I was there, when it began. Browsing the Bethsoft forums, seeing what the gang was up to in de-constructing Skyrim's files for modding, when an update came down the pipes through Steam.
It wasn't what we expected: an update to fix the numerous bugs people had been experiencing, not the least of which were constant crash-to-desktops at the most inopportune times. These were so bad, in fact, that some people were unable to play more than five minutes between crashes and had shelved the game.
Until, that is, some users discovered that applying the LAA (Large Address Aware) flag to TESV.exe fixed most all their crash issues. This is a common trick used with many games to allow the game to see and take advantage of more than 2GB of memory, the default for a 32-bit application. Some savvy game developers, recognising people are using 64-bit Windows now and a majority have at least 4GB of memory, have started shipping their game executables LAA aware.
But not Bethesda, yet. And so a huge number of players were using a simple tool (like this one here) to set the flag for Skyrim and, as a result, were enjoying a crash-free experience for the clearly memory-limited game. Keep that in mind for a moment.
So the update streams down through Steam, and is it a long-awaited fix for all the crashing issues? No. Does it fix the numerous quest bugs or game balance? No. So what was the update for then?
DRM. To tie TESV.exe to Steam such that you need Steam running, like many Steam games, to play Skyrim. Oh and, in the process, making it impossible to now apply the LAA flag – modifying the .exe triggers Steam's VAC protection and stops the game loading.
Cue the inevitable shitstorm. Within 30 minutes a thread started filling up on the forums. Within an hour, there was 400 replies on one and over 600 forum members, let alone unregistered lurkers, watching the thread. It spun on and on with rage, pain, and tears as gamers were unable to use LAA and their games were crashing left, right and center. Not to mention the update somehow invalidated some user's savegames, and mysteriously caused others to start experiencing worse performance problems than before.
And not a single word came out of Bethesda. The thread filled up to its limit, another was started, it too filled its limit, another was started... the shitstorm had continued for over 48 hours and is still going, and through it not one one official response from Bethesda acknowledging the issues or even why the DRM was enforced at all – after all, as one enterprising forumite pointed out: to play the game you had activated it at least once, and to get the DRM update you had to have been using Steam in the first place – and how could it be sent to you if you didn't already own a legitimate copy through Steam? In other words, as with most DRM, it was bloody pointless and – along with breaking the ability to use LAA – this pointless dick move only inflamed the shitstorm more.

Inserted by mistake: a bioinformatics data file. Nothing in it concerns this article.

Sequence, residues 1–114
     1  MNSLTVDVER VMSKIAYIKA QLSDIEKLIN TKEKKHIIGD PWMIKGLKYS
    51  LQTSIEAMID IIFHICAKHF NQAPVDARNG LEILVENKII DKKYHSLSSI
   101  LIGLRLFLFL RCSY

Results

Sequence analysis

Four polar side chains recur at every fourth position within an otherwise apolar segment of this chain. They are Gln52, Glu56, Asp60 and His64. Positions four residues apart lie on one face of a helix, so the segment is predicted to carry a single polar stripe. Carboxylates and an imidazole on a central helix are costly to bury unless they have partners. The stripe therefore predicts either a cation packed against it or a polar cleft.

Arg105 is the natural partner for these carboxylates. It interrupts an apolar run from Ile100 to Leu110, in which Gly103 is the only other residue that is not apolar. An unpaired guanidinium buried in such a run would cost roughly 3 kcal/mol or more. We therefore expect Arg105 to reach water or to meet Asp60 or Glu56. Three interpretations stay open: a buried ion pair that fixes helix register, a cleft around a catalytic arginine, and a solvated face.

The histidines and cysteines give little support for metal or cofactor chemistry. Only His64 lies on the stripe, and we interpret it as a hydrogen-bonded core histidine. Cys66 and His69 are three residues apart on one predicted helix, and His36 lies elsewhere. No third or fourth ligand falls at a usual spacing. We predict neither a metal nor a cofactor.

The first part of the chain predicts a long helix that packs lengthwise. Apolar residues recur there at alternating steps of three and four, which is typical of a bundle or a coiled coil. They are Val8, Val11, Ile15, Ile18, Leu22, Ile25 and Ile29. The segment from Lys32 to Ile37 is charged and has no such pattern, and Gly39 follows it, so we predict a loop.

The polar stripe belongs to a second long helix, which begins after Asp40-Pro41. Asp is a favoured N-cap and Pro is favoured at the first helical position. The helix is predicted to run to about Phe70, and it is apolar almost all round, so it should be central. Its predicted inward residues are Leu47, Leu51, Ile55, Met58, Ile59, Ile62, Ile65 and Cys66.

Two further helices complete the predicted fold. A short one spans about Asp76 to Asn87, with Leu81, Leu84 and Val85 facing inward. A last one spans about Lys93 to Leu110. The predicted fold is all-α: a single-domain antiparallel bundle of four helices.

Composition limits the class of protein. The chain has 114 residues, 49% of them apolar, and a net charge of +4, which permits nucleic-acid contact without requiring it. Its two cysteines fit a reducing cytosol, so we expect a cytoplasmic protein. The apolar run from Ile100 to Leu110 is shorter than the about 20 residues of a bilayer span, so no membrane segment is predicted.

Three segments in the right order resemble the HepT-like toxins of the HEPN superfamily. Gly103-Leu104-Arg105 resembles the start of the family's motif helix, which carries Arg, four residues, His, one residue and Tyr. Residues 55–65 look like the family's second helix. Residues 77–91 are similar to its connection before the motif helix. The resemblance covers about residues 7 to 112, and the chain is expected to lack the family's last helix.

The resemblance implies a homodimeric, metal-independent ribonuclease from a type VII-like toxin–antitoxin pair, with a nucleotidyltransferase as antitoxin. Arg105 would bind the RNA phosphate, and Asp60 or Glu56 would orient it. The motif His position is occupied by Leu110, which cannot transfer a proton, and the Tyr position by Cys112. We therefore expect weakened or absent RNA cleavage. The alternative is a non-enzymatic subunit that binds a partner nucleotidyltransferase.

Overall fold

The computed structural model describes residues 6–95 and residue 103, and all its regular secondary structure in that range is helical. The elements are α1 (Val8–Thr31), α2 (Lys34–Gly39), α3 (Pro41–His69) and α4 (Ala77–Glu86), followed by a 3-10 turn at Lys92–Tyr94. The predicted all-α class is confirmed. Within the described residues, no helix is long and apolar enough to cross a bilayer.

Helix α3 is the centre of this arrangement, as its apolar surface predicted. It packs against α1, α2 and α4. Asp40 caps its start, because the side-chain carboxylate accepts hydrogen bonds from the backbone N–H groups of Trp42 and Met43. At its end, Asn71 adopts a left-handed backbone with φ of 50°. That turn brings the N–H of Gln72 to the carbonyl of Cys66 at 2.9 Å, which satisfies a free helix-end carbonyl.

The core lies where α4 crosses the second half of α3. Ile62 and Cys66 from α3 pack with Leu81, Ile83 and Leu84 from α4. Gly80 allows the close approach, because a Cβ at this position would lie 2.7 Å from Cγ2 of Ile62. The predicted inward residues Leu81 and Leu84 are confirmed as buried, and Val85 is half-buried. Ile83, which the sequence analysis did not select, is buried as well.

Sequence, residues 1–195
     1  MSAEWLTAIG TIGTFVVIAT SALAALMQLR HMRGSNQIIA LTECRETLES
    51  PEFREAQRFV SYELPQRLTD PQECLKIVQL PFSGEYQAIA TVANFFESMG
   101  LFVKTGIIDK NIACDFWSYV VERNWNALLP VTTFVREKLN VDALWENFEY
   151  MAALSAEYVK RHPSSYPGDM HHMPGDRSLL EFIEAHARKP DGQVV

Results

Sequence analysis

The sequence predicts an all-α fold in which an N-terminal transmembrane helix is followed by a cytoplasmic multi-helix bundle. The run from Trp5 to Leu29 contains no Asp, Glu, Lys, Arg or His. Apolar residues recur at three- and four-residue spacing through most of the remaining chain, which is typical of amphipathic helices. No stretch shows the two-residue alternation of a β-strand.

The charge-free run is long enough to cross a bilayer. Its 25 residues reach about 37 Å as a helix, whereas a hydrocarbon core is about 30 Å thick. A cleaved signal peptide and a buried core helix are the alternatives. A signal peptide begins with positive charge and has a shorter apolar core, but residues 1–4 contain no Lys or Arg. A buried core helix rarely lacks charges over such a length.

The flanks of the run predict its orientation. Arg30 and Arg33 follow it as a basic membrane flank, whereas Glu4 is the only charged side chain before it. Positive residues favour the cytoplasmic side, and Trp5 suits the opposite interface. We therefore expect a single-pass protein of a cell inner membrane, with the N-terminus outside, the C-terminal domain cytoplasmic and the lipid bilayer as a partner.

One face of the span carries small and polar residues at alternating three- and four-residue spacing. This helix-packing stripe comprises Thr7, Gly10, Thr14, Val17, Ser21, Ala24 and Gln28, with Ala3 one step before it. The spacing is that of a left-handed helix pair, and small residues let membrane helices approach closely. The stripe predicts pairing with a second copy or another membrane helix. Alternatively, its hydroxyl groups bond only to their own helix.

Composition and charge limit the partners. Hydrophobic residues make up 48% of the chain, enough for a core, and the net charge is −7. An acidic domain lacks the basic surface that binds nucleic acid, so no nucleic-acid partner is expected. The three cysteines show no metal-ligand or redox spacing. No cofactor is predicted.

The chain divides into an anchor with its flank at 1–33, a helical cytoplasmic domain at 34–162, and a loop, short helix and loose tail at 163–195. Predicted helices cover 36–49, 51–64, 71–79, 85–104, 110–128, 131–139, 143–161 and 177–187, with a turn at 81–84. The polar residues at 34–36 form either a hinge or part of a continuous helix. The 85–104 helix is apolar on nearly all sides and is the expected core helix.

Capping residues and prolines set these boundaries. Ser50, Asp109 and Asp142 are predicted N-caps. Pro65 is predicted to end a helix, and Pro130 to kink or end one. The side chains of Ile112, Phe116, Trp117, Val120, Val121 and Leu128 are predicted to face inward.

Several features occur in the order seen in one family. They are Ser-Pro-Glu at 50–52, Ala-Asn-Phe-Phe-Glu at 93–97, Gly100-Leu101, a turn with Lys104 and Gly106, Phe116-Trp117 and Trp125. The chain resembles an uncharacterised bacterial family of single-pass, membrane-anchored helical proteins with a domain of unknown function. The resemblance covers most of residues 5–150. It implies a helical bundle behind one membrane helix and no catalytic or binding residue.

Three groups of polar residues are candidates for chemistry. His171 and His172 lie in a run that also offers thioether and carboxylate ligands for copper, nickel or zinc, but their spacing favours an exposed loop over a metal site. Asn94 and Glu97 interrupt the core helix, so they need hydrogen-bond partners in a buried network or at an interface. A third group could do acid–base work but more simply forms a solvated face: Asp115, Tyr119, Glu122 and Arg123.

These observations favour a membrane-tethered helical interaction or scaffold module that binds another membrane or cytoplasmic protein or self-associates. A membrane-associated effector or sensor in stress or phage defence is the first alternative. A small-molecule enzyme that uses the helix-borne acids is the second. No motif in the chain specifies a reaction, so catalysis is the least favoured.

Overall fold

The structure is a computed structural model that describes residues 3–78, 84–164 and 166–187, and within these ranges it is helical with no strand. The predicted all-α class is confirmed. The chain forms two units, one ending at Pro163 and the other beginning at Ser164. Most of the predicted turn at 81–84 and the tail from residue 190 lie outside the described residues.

The irony is not lost on us that many users either hinted at, or openly admitted to, going to a torrent site and grabbing the pirated version – with its unaltered .EXE file of Skyrim – just so they could play their legitimately purchased copy again. It was also news to everyone following the thread that Skyrim was in fact originally DRM-free, news that had now been spread wide and far. Way to encourage further piracy. Bethesda, meet Streisand Effect.
Somewhere at Bethesda there is an executive, or cadre of executives, who are out of touch with their customers, and arrogant enough to not even address the problems they've caused. The lack of an official response in the forums has served to add fuel to the shitstorm and alienate the very customers who keep the company afloat. It doesn't take much to admit a mistake, or stand by your actions by explaining why. Unfortunately the company remains silent.
I watched and read and felt for my fellow gamers, though I've been too busy working to actually start playing yet. Who knows what will happen when the next official patch comes with much-needed bugfixes, with the Steam DRM wrapper left in place and LAA unable to function, but it shows yet again just how pointless DRM is and that – always – it’s legitimate users who suffer while pirates play trouble-free. And that, in turn, only encourages legitimate users to turn to piracy.
When I get around to playing I'll be using the DRM-free and LAA-enabled version, thank you very much. My Orc doesn't take kindly to being dropped to desktop mid-game, and you really don't want to see what he does to those who make him angry...